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New You Revolution: Take-home tips

Lessons learned during the New You Revolution

Programming Note: Dr. Sanjay Gupta checks in with Harald, Jonathan, Leigh Ann, Sandra and Thekla to track their progress the week of October 10 on "American Morning," 7 a.m. ET.

Fischer
Thekla Fischer's goal was to get healthy and in shape for a baby.

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Dr. Sanjay Gupta
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(CNN) -- Have a bad habit you'd like to break? Want to shed a few pounds? Confused about where to begin?

Then check out these tips from CNN's New You Revolution. The series follows five people -- Thekla Fischer, Harald Fricker, Sandra Garth, Jonathan Karp and the Rev. Leigh Ann Raynor -- as they attempt to forge paths to healthier and happier lives under the guidance of Dr. Sanjay Gupta, CNN's senior medical correspondent.

1. Keep a journal

Karp, 28, had a nasty nail-biting habit that left his fingers gnarled. To stop, he tried acupuncture and hypnotherapy. Neither worked very well.

What did make a difference was the support of his fiancee, exercise and writing in a journal.

"Every day, just quantifying to make sure I hit that zero," Karp said of recording results his journal. "I've stopped biting, so now I don't even want to start again. So, that's my major motivation."

Tip: To help you achieve your goals, keep track of your progress in a journal. This will force you to be honest with yourself while giving you a clear sense of how close you are to your goal.

2. Train smarter

Fricker, 45, enjoys pushing his body to its limits. As a younger man, Fricker competed in triathlons and ultramarathons.

"I'm addicted to running," he said.

But when Fricker became a dad his eating habits changed, as did his exercise routine. So, when Fricker entered the New You Revolution earlier this year, he was 100 pounds overweight.

Doctors said his problem was that he ate too much and slept too little. He was told that a lack of sleep can contribute to weight gain and that his regular running routine was not the most effective way for him to train. Fricker needed to mix some weight-training and even walking into his exercise program.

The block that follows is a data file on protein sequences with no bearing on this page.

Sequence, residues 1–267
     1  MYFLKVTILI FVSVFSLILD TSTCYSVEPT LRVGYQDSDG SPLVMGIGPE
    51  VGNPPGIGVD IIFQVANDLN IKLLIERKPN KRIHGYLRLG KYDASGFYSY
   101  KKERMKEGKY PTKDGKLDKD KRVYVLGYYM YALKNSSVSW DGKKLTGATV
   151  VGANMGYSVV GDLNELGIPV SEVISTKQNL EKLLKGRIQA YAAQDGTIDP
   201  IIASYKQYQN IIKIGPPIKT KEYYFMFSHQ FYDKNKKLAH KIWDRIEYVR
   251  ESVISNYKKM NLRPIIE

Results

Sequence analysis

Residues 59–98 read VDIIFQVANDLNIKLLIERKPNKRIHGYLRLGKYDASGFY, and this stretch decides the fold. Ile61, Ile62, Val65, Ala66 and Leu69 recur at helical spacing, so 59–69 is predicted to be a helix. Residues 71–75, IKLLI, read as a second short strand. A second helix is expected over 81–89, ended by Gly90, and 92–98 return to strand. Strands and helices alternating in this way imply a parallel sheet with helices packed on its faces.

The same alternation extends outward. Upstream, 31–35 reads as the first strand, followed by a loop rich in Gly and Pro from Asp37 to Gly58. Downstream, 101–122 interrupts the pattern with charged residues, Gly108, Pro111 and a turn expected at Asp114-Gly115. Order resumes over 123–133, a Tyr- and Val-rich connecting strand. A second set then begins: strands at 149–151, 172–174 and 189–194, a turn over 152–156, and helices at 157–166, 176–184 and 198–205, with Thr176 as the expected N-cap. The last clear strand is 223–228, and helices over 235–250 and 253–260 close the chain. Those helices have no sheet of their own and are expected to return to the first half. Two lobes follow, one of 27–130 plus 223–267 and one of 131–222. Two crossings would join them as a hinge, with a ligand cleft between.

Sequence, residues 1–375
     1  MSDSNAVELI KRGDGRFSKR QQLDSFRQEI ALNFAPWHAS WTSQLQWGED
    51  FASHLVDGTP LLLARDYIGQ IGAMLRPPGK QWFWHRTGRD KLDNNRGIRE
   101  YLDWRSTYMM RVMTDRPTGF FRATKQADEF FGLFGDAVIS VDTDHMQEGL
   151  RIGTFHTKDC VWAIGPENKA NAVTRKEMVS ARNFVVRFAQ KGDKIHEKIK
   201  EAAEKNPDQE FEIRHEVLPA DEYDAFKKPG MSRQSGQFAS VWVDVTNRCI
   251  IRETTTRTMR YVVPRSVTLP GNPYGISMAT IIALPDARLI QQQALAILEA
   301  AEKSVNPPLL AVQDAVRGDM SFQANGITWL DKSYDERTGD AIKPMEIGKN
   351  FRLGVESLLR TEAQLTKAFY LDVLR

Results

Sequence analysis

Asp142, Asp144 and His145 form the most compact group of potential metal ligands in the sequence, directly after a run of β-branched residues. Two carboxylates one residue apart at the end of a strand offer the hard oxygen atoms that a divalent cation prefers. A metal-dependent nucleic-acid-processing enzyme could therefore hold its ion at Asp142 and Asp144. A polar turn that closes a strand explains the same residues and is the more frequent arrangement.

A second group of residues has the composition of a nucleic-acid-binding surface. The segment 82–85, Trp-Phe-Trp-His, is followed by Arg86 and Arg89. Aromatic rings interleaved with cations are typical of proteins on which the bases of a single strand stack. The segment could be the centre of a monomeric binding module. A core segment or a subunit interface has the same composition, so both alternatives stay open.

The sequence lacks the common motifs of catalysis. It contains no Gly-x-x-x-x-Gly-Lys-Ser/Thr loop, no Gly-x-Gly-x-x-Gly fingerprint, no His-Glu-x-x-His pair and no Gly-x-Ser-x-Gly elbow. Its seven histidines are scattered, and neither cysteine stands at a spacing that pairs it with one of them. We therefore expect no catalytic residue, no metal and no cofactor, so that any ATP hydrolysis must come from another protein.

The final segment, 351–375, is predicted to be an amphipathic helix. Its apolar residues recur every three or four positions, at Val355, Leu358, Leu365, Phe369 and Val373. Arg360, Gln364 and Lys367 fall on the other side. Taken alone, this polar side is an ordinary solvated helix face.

Tip: To get better results, try mixing up your workouts. Train smarter, not harder. Aerobic exercises, which push your cardiovascular system, and weight-training, to strengthen muscles and bones, are both important. One should not be done to the exclusion of the other.

3. Consult a doctor

Raynor, a New You participant, has a serious heart condition -- hypertrophic obstructive cardiomyopathy, an excessive thickening of the heart muscle -- and underwent a procedure for this condition last year. But she needed to lose some weight, and exercising would be a big part of that.

So after consulting a doctor, Raynor, 50, eased into an exercise routine. Now she works out five or six days a week. The workouts aren't strenuous, and she'd like to do more, but Raynor's heart condition won't let her. Yet the hard work is paying off. After eight weeks in the New You program, she lost 14 pounds.

"I feel better than I've felt in 20 years, at least," Raynor said.

Tip: Be patient when starting an exercise program. And consult a doctor. This is especially important for people with health issues. Your body needs to get used to exercising, or exercising again. Going slow will pay off in the long run.

4. Eat better

Garth, 50, a grandmother and former fitness instructor, loves to eat. A typical breakfast used to include cheese, eggs, French toast and bacon. Dinner might include beef tacos, deep-fried.

No longer. In an effort to lose some weight, Garth now prepares healthier versions of her favorite foods. She eats egg whites, whole wheat toast, peanut butter and a banana for breakfast. She makes turkey tacos, and doesn't fry them.

"I think back now at what I used to eat, and I was eating a ton of food," she said.

With this new diet, as well as a new exercise program, Garth feels great. She lost 22 pounds by week eight of the New You Revolution.

Tip: Instead of dieting, try eating healthier versions, preferably home-cooked, of your favorite foods. They should include whole grains, fresh fruit, vegetables, fish and low-fat meats. It worked for Garth, and it could work for you.

5. Get organized

Thekla Fischer, 34, wanted to get healthy and get her life in order so she could have a baby. This involved starting an exercise plan, eating better and cutting down on her work schedule, which involved late nights at the law firm.

Doctors suggested taking a prenatal vitamin to get enough nutrients to have a healthy baby. An organizational expert wanted Fischer to avoid e-mails and phone calls for the first hour of the day and tackle her various projects one at a time to keep from being overwhelmed.

"What scares me the most is the time commitment," Fischer said about having a baby.

Tip: Plan ahead, weed out unnecessary tasks and focus on one project at a time. Americans are busy and stressed-out. Trying to fit a new exercise plan into a busy life can raise the stress level even higher. Simplify and get organized to achieve the best results.

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